Boosting travel service delivery through communications



Cutting costs


The Program Support Center (PSC) provides support services to all components of the U.S. Department of Health and Human Services (HHS) and 31 other federal government agencies worldwide. PSC has a broad range of nearly 60 services and products, which include: administrative operations, health resources, information technology support, financial management, and strategic acquisitions. PSC is a shared services organization dedicated to helping customers achieve mission-critical results.

The HHS Travel Office provides one of PSC’s most widely used services to HHS and other government agencies. The office used strategic communications to put the right travel information in the hands of the right people at the right time.

When large disasters strike, the U.S. government sends representatives to ground zero to assess the damage and provide assistance. Public health officers from the Centers for Disease Control & Prevention were quickly deployed to Haiti soon after the devastating earthquake in 2009. Medical researchers must trek around the globe to find ways to help prevent the spread of AIDS from mothers to children. Whether it’s urgent or long term support, travelers from the U.S. Department of Health and Human Services (HHS) have to get from point A to B to carry out their critical missions.

The HHS Travel Office helps them get there and to other areas on official business. In fact, they’ve been transforming the way the federal government manages the business of travel. The office supports all HHS travelers with comprehensive customer service and operational support from the moment travel plans are initiated until the trip is completed and the traveler is reimbursed for expenses. Providing world class travel service for 200,000 trips worldwide each year is challenging enough. Add the goal of growing a shared services organization—in the public sector—and that’s no small feat.

The office’s main challenge was to improve the customer experience with travel services—keeping customers informed, reducing help desk calls, improving satisfaction and allowing staff to develop innovative services.  Communications played a vital role but first, many challenges had to be overcome. By using a strategic approach, the office was able to accomplish its goals of supporting the travel demand while realizing dramatic customer service improvements and cost savings.

Seeing that convenience is a big motivator for customers, the office created a self-service Travel Web site to keep customers informed. Customers were able to access a knowledgebase containing travel policies and information, and link directly to the government’s online travel booking system, GovTrip, to make their travel arrangements 24/7.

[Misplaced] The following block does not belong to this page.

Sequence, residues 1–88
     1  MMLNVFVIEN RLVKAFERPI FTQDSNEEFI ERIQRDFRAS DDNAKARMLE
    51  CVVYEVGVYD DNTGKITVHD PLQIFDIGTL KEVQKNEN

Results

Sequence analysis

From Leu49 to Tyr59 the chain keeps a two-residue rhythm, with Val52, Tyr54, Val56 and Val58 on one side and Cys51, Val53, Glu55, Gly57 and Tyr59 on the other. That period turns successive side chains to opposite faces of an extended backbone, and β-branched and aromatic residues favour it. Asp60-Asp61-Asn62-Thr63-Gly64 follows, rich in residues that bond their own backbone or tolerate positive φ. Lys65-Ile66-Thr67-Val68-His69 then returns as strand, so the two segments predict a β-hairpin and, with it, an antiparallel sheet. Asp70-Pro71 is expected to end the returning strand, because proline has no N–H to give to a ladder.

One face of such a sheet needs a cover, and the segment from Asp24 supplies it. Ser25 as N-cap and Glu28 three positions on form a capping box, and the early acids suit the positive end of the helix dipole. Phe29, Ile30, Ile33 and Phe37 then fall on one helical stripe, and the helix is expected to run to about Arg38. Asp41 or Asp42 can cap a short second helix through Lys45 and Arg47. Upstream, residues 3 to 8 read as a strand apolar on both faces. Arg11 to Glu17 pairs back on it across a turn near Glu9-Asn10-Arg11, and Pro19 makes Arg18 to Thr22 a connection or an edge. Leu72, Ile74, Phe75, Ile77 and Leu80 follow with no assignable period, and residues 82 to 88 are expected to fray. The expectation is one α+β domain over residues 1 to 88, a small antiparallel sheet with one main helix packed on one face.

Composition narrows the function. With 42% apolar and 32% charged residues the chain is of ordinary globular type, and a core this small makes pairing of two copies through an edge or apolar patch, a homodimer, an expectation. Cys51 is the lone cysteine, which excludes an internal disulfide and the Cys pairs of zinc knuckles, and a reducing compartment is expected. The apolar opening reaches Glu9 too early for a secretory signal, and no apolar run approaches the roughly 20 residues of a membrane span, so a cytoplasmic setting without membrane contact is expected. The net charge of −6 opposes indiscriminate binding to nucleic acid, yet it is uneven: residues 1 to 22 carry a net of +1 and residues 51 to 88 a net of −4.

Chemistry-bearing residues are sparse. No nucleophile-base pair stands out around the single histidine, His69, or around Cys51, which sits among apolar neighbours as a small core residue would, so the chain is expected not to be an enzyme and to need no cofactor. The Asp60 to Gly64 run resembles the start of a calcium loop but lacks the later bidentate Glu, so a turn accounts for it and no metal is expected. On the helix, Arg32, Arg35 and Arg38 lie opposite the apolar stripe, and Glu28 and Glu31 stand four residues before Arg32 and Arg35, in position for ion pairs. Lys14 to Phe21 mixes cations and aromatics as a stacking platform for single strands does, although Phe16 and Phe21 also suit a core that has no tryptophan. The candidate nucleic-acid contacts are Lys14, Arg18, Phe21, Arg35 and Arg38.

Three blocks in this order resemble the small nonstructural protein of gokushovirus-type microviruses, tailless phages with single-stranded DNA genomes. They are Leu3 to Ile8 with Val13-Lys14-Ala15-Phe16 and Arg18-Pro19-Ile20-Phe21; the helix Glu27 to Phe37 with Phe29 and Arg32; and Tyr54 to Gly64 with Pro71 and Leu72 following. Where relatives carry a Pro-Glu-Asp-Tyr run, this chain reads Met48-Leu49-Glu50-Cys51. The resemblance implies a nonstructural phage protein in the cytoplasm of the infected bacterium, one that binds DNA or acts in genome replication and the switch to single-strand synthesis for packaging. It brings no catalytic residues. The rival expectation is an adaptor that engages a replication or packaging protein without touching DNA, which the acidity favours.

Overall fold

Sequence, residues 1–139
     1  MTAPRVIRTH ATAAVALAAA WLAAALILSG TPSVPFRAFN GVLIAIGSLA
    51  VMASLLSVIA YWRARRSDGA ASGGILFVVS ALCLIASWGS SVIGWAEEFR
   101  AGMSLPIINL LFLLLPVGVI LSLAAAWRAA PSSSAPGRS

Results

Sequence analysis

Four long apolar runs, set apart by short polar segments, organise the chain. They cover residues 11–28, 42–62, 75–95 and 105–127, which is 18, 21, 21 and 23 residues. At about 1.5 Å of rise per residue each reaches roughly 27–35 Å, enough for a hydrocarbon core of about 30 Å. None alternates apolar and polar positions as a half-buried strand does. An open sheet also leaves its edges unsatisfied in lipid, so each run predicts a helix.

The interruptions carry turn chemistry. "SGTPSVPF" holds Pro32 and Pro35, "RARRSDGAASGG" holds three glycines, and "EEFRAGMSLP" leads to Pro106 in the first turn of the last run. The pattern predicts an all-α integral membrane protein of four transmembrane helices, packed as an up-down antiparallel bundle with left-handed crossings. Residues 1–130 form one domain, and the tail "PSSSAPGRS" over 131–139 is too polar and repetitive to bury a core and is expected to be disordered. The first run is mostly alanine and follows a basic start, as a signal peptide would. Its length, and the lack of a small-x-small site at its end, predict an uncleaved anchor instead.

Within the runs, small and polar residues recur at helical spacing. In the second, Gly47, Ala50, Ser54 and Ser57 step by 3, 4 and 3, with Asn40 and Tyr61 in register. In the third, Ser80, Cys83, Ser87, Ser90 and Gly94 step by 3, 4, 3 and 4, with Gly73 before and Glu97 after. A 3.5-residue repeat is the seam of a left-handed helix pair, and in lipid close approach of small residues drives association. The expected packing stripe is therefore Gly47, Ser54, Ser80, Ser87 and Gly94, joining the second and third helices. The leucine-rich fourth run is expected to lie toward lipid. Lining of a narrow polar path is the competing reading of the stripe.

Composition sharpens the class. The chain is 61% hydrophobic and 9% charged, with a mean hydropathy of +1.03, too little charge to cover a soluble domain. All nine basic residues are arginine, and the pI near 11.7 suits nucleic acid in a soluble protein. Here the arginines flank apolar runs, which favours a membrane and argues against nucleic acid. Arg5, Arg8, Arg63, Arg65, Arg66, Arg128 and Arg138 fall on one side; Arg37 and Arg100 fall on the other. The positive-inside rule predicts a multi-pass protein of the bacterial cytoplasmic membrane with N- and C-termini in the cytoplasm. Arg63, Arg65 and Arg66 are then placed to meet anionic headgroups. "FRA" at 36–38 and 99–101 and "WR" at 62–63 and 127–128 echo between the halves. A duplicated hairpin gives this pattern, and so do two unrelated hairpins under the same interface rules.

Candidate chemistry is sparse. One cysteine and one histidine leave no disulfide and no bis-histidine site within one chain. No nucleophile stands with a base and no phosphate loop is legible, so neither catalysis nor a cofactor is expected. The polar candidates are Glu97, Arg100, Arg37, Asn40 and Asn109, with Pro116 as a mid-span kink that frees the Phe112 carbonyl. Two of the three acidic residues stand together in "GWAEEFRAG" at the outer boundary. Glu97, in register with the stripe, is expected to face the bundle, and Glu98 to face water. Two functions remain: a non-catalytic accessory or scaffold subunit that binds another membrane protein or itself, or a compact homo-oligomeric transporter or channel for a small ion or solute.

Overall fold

This is just one of the strategies that the HHS Travel Office used to give itself a new lease on life. As a result, the ease and convenience of the travel system, along with an assertive communications plan, changed the way business was done. It also boosted their bottom line.

Planning Considerations

Effective communication helps travelers meet all federal travel requirements and fulfill customer travel needs.  Facing budget constraints and a full workload, part of the office’s challenge was to reduce the number of issues handled without diminishing a high level of service.  So the office outlined two goals: (1) removing as many obstacles as possible; and (2) conveying effectiveness and efficiencies. The main considerations were:

  • Gaining customer buy-in
  • Developing purposeful communications  
  • Choosing the right media (e.g., broadcasts, direct emails, Web, telephone, mobile applications, and social media tools like Twitter)
  • Obtaining and utilizing feedback

The office developed a partnership with customers and made sure their communications were targeted, timely and relevant to their customers’ needs. Also, getting feedback early and often helped the office modify their communication strategies.

Strategic Communication

The office developed a strategic communications plan that not only influenced customers, but educated and empowered them. The plan utilized several strategies, each designed to reach the target audience and achieve the appropriate outcome. 

Targeted distribution lists – By customizing an email distribution list of over 95,000 subscribers, the office sent targeted communications to customers, based on their travel usage or role in preparing travel documents, to advise them of important policy changes, system updates, and notifications.

Convenient training - Given the option to attend a 90-minute classroom session or online Webinar free of charge, more than 13,000 users were trained on the new travel system upgrade within three months. The attendees learned about travel policy and guidance, and the benefits of using government-preferred providers.

Direct customer engagement - As call volume decreased, account managers took on a more proactive role. By learning more about the customers’ needs, they created service and system enhancements. Based on this feedback, travel information was consolidated onto one Web site instead of multiple, leading to time-saving efficiencies with the travel system.

Self-Help Web site with Online Knowledge Base - By designing a simple "one-stop shop" travel Web site, customers could access the latest news, travel information and documentation were available from one reliable source. The site www.hhs.gov/travel enhances the travel experience with important information such as advisories, warnings, cancellations or delays, as well as other travel requirements and tips. The top 10 frequently asked questions are on the site based on calls to the Help Desk, which helps to deflect calls. Customers could access the HHS Travel Online Knowledge Base to search for solutions or open a trouble ticket and engage a support representative in a live chat session.